Beyond the Mains
I am part of a fourth-generation, family-owned manufacturer, fortunate enough to have supplied products to the industry for 68 years. Although I am an engineer by profession, I wear a lot of hats in our manufacturing business and within the industry.
Fourteen years after my grandfather started the Smith Pump Co. in 1938, I was born. At that time, my father, who recently had been discharged from the Navy at the end of World War II, had graduated from Caltech. He then went to work for the familys fledgling company, which was manufacturing pumps for an industry just getting to know itself, much like many other industries and the country as well in that post-war era.
In hindsight, I was very fortunate to be around my father when he would discuss issues with my mother or entertain business associates at our house. Little did I know, as a child not paying much if any attention, the importance that some of those visitors would play in forming the future of our industry and in influencing my life.
The post-war era was largely a quantifying period for the propane industry. Many new products were developed, but that development was in large part a result of a better understanding of how to effectively move the product from point A to point B...and once it got there, how to economically market it. Understanding propane and its properties was key to the development of new products back then. There was little regulatory interference.
Some manufacturers took off on all fours as a result, and many of those companies are still in operation. Today, we have quite a thorough understanding of this very special liquefied gas, but there are other significant challenges that certain manufacturers now face that have little, if anything, to do with understanding the properties of propane to effectively design good products.
Todays Manufacturing Challenges
Notice the word certain is in italics. For certain manufacturers, unique product development occurs because of a deep understanding of the properties of propane and how the product will be used in the field. These companies spend an inordinate amount of time and meticulous effort in the design and testing of the product AND an even greater effort looking at field performancethis process is ongoing. These companies also deal with various global regulations pertaining to the specific product to make sure it can be used in other countries (which in itself can be quite a challenge). They volunteer countless hours on various committees within the National Propane Gas Association (NPGA) and other trade associations in the U.S. and other countries.
These certain manufacturers offer training. These certain manufacturers operate within the confines of a certified quality management system. These certain manufacturers invest in their employees and infrastructure. These certain manufacturers offer exceptional customer service. In short, these certain manufacturers are going above and beyond, which is standard operating procedure for them.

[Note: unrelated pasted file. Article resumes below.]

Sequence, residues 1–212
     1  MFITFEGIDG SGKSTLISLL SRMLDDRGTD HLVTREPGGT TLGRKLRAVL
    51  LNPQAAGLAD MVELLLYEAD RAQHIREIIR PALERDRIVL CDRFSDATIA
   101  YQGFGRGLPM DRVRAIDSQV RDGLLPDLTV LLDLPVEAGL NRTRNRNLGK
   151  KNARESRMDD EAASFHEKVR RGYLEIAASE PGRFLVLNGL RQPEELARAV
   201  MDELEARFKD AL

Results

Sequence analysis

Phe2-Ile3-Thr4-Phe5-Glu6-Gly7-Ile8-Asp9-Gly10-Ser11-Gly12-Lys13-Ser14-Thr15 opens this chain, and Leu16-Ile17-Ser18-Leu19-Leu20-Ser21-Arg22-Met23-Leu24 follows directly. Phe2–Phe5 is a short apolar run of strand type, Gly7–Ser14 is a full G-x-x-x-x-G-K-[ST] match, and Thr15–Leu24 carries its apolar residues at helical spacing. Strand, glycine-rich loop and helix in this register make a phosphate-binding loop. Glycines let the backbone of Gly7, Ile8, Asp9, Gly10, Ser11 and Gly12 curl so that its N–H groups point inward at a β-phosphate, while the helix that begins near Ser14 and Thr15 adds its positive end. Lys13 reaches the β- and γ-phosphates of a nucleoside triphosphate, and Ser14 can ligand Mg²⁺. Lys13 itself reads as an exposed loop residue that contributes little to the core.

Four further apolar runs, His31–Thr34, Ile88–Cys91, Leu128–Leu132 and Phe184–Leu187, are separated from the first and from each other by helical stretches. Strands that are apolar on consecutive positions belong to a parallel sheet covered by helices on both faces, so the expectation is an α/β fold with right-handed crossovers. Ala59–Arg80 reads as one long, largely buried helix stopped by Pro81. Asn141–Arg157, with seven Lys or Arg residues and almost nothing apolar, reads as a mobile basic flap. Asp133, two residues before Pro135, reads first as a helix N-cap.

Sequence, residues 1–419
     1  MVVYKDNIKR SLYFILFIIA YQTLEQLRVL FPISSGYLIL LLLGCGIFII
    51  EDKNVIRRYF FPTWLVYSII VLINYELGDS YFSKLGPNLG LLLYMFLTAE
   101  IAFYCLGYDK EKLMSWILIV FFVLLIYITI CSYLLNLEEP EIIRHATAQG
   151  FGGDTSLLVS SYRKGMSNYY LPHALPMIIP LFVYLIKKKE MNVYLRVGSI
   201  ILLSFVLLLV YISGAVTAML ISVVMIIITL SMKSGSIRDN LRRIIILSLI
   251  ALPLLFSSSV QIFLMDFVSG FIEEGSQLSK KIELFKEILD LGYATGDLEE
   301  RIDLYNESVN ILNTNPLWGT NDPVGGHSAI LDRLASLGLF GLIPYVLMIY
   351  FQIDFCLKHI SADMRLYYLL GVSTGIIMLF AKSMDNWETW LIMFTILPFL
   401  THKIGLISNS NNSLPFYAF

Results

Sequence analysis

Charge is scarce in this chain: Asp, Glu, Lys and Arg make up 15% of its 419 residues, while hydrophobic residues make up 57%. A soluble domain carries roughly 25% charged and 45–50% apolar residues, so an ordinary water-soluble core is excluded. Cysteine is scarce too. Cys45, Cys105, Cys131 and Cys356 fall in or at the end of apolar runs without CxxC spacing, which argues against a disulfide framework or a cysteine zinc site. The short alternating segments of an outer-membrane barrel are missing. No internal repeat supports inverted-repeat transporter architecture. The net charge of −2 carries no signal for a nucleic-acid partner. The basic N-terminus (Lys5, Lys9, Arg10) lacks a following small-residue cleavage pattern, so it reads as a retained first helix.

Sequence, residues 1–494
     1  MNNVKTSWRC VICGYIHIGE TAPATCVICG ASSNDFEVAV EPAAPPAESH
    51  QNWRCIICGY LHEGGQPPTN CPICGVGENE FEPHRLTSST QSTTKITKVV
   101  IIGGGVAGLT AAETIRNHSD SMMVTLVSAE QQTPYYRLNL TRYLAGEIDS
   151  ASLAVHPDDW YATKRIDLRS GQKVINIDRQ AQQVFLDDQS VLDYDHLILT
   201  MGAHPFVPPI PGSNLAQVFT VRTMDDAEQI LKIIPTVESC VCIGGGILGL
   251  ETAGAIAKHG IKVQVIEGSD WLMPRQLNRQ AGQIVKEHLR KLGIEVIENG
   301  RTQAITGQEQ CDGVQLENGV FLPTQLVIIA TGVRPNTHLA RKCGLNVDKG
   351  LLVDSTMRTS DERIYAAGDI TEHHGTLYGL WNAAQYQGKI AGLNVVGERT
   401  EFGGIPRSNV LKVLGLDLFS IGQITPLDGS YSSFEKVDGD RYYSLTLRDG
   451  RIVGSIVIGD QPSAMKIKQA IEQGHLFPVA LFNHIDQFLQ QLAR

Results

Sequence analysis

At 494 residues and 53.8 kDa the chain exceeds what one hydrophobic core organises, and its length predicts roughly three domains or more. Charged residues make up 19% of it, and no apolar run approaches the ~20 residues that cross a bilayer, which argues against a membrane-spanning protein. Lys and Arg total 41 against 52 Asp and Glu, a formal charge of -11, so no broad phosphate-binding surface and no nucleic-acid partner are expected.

A company of any size can be a certain manufacturer…if it wants to be. Size is not a prerequisite for exemplary standard operating procedures.
Once the successful product is offered to the industry, the copycat products will follow. In general, the manufacturers that produce them can do so at less cost. They may not have a deep understanding of field failures that necessitated a design change by the original manufacturer. They may substitute materials or cut corners. Standard operating procedure for these manufacturers may not be the same. The bottom line is products produced by these companies may lack the heart and soul that certain manufacturers pay dearly for.
I am honored to know quite a few dedicated individuals working for certain manufacturers. And, the industry is fortunate that many of them are involved with NPGA and continue to participate in a positive direction. Some may think this is because they want to sell products. They do, but not at the expense of being just another manufacturer. Most companies supplying products to the industry are certain manufacturers.
My message to the industry, and one I am grateful to have the opportunity to publish, is to ask industry members to understand what those certain manufacturers have going for them, as opposed to a manufacturer. Ask questions as to how a product was developed and why. Find out something about North American approvals, but don't stop thereask about other approvals the product may have overseas.
Find out if the company participates within NPGA or other trade associations. Ascertain if the product is a copycat coming from a manufacturer that claims the product is the same as someone elses, but at a much cheaper price. Make it a part of your standard operating procedure to track the quality of customer service you receive either from the manufacturer or its distributors.
Consider supporting certain manufacturers products despite bottom line concerns. Consider the investment that certain manufacturers have made to develop, support, improve, and maintain a particular product. These are the companies helping our industry to do it safer and in a more cost-effective way.
Certain manufacturers care about our industry and continue to work in a positive way to help it thrive. This becomes ever so important as we celebrate the 75th anniversary of the National Propane Gas Association and face the unique challenges that a global economy brings to the manufacturing sector.
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